Knockin' on Heaven's Door

The Conceptual Movement of the Dead

How to Cite

Meakins, F. (1998). Knockin’ on Heaven’s Door: The Conceptual Movement of the Dead. M/C Journal, 1(4).
Vol. 1 No. 4 (1998): Space
Published 1998-11-01

Funerals may often feel like false affairs, with praise being unduly assigned to the deceased and ceremony appearing overly pompous and meaningless. The dead become saints, and the living resentful. Yet amidst this criticism, an important function of the funeral and accompanying eulogy has been overlooked. Psychosociologists suggest that the purpose of the funeral is to provide a ritualised means of farewelling the dead (Griffin and Tobin 237). They claim that this activity is necessary to increase the social distance between the living and the dead, so whilst the deceased may die physically, the funeral provides the opportunity for the deceased to die socially. The deceased's distance from the living is increased as s/he is removed from the constraints of the forward direction of time, to being bound in the past (Ata 30). It is the existence of the dead in the past that forces the living to form a new relationship with the deceased. The funeral then becomes the focal point of the formation of this relationship which is one of separation, as the deceased is transferred from the surviving community to the place of the afterlife. Death is not merely physical distancing but also social and psychological distancing.

The eulogy exists in the funerary process as the point where aspects of the deceased's life are recounted to the audience. However, its function lies deeper than this narrative, reflecting the distancing process of the deceased -- a linguistic form of farewell. Linguistic devices adopted in the eulogy perhaps unwittingly mirror this process as language becomes social action. Obvious examples of the linguistic distancing of the dead can be found in the use of past tense, where the deceased's agency is consigned to the past; however, more interesting examples can be found in the metaphors relating to death. These metaphors construct two spaces for life and death, joining them through the event structure of a journey -- departure, travelling and arrival.

We are saying farewell to a really dear friend.

He passed away.

May she find peace in the place where she now rests.

In terms of the Cognitive Grammar theory of the metaphor (Lakoff and Johnson; Lakoff and Turner), these death metaphors produce two bounded regions of life and death through the target-source domain mapping of a journey. They all adopt a general STATES ARE SPACES metaphor, where life exists in the bounded region of "here" and death becomes the separate space of "there", to use deictic terms. In the context of the Christian funeral (where these examples were recorded), the theological spaces of "earth" and "heaven" (or even hell!) are correlated to the states of being alive or dead. A change of state thus becomes a change of space, and distance is created as a person dies. However, these three metaphors exist at different points in the event structure of the DEATH IS A JOURNEY metaphor. The first death metaphor "We are saying farewell .." exists at the beginning of the event structure, the point of departure, where goodbyes are said to the traveller. This distance between the living and the dead is increased if the journey is adopted as the actual source domain, "He passed away", where the dead exist in transit between the bounded regions of the living and the dead. Greek legends emphasise this part of the DEATH IS A JOURNEY metaphor with images of the dead being transported across the river Styx to the afterlife. The greatest distance between the living and the dead is created if the journey's destination is allocated to the source domain: "May she find peace in the place where she now rests". In this example, the deceased exists in the end of the journey, arrival in the space of death.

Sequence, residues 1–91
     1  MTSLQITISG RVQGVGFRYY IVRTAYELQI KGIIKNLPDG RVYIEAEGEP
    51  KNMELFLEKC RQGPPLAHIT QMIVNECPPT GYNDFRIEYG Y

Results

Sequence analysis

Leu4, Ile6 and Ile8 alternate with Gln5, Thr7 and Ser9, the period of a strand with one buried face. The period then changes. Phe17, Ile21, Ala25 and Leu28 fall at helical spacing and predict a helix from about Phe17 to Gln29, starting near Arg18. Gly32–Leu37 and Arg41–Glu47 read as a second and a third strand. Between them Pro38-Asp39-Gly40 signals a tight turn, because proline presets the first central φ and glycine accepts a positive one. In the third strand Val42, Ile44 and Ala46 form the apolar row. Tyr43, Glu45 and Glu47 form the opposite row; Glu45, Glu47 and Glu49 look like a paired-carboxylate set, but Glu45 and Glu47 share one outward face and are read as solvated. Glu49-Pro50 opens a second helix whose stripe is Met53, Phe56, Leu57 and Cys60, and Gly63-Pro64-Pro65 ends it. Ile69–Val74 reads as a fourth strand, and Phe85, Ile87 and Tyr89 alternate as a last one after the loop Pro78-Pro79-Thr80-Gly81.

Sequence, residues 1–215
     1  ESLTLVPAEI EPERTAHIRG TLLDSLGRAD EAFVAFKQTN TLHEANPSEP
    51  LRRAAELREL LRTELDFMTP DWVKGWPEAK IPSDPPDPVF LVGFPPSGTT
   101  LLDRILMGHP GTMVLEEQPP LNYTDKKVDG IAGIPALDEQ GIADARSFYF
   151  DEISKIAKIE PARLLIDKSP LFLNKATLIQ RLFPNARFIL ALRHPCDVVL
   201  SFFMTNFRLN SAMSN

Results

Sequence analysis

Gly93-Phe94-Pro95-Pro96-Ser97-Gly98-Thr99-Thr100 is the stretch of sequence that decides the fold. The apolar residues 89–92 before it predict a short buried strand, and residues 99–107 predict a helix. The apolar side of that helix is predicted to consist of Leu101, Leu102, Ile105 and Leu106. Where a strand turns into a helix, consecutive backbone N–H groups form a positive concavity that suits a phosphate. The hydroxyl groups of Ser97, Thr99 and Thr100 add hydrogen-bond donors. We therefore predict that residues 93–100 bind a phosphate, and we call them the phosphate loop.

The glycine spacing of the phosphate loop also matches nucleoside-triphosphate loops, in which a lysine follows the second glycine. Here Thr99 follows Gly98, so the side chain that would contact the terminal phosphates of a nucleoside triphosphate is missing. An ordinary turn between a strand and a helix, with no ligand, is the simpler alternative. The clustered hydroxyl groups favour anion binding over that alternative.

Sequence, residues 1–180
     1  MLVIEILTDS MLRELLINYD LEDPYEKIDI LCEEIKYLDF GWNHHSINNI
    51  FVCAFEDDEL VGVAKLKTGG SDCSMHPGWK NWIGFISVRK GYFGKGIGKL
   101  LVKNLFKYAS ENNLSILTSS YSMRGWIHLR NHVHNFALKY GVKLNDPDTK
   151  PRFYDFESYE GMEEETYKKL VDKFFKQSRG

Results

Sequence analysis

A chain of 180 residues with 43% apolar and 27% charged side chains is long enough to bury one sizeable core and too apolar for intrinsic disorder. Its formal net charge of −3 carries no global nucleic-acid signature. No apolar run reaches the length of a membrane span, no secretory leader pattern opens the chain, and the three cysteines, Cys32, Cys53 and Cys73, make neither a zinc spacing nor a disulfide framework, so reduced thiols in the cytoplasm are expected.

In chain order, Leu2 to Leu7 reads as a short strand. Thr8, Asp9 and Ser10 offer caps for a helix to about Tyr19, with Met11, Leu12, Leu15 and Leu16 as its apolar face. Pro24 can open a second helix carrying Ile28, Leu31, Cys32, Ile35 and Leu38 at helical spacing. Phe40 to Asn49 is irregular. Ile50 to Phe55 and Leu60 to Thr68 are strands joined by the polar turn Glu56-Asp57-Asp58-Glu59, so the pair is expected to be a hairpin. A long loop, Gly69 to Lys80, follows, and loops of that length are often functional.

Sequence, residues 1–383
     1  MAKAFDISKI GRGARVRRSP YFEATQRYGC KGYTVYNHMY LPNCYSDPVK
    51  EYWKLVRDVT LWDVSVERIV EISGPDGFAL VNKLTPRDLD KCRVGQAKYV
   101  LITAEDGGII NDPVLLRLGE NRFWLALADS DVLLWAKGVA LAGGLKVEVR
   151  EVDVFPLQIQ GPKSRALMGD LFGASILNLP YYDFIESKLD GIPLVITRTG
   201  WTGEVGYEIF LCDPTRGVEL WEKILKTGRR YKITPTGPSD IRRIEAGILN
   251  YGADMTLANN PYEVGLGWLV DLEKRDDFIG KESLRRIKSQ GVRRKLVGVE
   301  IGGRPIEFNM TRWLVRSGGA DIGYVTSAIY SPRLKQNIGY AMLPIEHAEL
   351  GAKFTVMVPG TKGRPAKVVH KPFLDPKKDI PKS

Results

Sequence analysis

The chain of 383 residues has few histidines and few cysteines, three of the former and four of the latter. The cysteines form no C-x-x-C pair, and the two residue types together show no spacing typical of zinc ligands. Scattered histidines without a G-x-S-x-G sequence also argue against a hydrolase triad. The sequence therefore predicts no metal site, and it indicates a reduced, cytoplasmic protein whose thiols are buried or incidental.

These metaphorical bounded regions of the living and the dead are manifested physically during the funerary process. Just as the deceased is metaphorically transferred to another space referred to as "heaven" in Christian funerals, the hearse transports the deceased to the physical place of rest, traditionally the cemetery. The living travel with the deceased on this journey, until the stage where the dead are lowered into the ground, creating a point of separation between the living and the dead. In this way, the funeral creates physical spaces for the living and the dead, constricting the dead to the graveyard and the ground.

Thus the social process of the funeral becomes filled with symbolism relating to the spaces of the living and the dead, and the movement of the dead out of the realm of the living. The DEATH IS A JOURNEY metaphor is heard in eulogies as a euphemism for referring to death, with the speaker of the eulogy linguistically creating distance between the living and the dead by constructing separate spaces for these states of existence. Physically, this journey is realised though the commitment of the deceased to the ground. The linguistic and physical creation of distance reflects the funerary process of social and psychological distancing, a social action which lies deeper than the apparent shallow accolades and praise that cause people to comment that they have arrived at the wrong funeral.

Author Biography

Felicity Meakins